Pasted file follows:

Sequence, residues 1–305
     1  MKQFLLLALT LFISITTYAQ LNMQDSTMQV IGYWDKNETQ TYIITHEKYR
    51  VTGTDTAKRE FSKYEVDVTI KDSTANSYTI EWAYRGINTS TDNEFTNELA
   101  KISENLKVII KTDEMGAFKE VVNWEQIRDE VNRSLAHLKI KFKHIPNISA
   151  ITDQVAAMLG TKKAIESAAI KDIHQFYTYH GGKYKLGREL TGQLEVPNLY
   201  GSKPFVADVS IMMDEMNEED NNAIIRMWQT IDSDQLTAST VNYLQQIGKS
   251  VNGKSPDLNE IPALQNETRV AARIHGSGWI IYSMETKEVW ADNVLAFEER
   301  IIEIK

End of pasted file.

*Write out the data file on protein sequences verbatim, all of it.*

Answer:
Sequence, residues 1–305
     1  MKQFLLLALT LFISITTYAQ LNMQDSTMQV IGYWDKNETQ TYIITHEKYR
    51  VTGTDTAKRE FSKYEVDVTI KDSTANSYTI EWAYRGINTS TDNEFTNELA
   101  KISENLKVII KTDEMGAFKE VVNWEQIRDE VNRSLAHLKI KFKHIPNISA
   151  ITDQVAAMLG TKKAIESAAI KDIHQFYTYH GGKYKLGREL TGQLEVPNLY
   201  GSKPFVADVS IMMDEMNEED NNAIIRMWQT IDSDQLTAST VNYLQQIGKS
   251  VNGKSPDLNE IPALQNETRV AARIHGSGWI IYSMETKEVW ADNVLAFEER
   301  IIEIK